Orders for more than 1,400 A330s and A340s has been the Airbus reward for 15 years of continuous innovation, including the introduction of A340-600-technology flight deck, cabin, systems and structures upgrades across the range in 2002-04.
Paris Air Show » June 17, 2009
How will airplanes operate in 2030? The question needs addressing now since new aircraft introduced then are likely to be in production for another 30 years and in service for 50. Thales has been pondering it for the last two years, and last month the company convened a symposium in Paris to unveil its concept of the smart, communicating aircraft.
Aluminum specialist Alcan (Hall 2 Stand B19) is developing new alloys and new processes to better compete with composite materials, the proportion of which has been steadily increasing in airframes over the past decades. At Voreppe in France, Alcan Engineered Products (Alcan EP) has a major research-and-development (R&D) center to devise and test these solutions.
The 28th salon aéronautique et spatial in 1969, promised something special. And it kept its promises.
To the casual observer, it looked like just another chunk of concrete apron on Airbus’s sprawling production complex at Blagnac Airport outside Toulouse. Nestled between giant hangars and the Airbus outdoor museum with its graffiti-covered airplanes, Airbus is spending approximately $184 million to build the production line for its new A350XWB airliner. The new facility is expected to be fully operational during the third quarter of 2010.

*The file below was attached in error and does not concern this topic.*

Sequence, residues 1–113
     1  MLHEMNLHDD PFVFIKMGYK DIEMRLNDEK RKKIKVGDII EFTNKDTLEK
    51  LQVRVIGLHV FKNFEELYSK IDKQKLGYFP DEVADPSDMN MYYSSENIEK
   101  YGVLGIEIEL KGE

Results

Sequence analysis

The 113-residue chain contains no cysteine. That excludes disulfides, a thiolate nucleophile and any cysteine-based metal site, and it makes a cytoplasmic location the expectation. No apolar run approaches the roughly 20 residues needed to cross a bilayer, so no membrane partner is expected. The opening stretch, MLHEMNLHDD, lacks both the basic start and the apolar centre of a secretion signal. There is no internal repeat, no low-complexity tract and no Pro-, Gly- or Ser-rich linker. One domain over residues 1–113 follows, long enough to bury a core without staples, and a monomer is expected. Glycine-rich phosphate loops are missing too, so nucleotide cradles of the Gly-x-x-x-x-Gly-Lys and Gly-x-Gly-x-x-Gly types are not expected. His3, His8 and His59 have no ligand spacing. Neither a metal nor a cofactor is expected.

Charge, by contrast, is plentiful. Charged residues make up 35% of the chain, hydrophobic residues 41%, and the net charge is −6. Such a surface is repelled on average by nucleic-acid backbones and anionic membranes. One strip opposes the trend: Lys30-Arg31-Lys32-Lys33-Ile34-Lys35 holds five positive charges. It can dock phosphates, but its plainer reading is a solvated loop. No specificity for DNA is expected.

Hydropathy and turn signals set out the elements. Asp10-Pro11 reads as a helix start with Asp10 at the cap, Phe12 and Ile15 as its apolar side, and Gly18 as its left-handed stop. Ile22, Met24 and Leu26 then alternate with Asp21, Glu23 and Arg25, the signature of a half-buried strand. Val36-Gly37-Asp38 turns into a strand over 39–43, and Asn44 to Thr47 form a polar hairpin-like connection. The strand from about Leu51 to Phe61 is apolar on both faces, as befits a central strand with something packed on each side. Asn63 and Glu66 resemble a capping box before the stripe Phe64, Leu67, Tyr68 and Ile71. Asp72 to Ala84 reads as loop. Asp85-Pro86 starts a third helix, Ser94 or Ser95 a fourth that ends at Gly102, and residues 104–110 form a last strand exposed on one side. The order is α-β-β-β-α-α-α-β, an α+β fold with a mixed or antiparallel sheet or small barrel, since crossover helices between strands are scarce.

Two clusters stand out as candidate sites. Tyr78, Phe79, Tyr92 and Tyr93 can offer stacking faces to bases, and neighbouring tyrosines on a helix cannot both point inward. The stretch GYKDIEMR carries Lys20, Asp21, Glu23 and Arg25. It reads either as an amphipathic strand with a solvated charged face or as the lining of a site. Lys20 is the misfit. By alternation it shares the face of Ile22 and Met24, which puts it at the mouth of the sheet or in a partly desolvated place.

The Lockheed L-1649A Super Star was the queen of the skies in the late 1950s and it might again become a familiar sight aloft, according to Lufthansa Technik. In cooperation with the company’s Tulsa, Oklahoma subsidiary, BizJet, restoration on one of the 50-year-old airliners has begun at a specially built hangar at Auburn-Lewiston Airport in Maine.
Despite the fact that final assembly of the 4,000th example is now under way, the A320 single-aisle twinjet may be only at the midpoint of its production life, according to Airbus. Marketing vice president Colin Stuart has suggested that a 5,000th A320 could enter service in 2011.
As the era of the Space Shuttle draws to a close, uncertainty hangs over the Kennedy Space Center (KSC) like the pall of smoke after a launch. Only eight more Shuttle flights are planned, to complete the construction of the International Space Station (ISS). After that, there will be a five-year hiatus before the next U.S. astronauts fly from the KSC–on the Ares launch system that is reminiscent of the Saturn/ Apollo era.
On this 100th anniversary of the Paris Air Show French journalist Gil Roy continues his reflections on the greatest moments from the salon du Bourget’s illustrious history with a look at the show became a focal point–thankfully a peaceful one–for the Cold War.
The HB-SIA solar-powered aircraft, the first prototype of the Solar Impulse project, is to be unveiled next week on June 26 at Dübendorf air base, near Zurich, Switzerland. Those who attend will discover some design changes since the last images were released, company CEO André Borschberg told AIN, adding that a first flight is planned for later this year.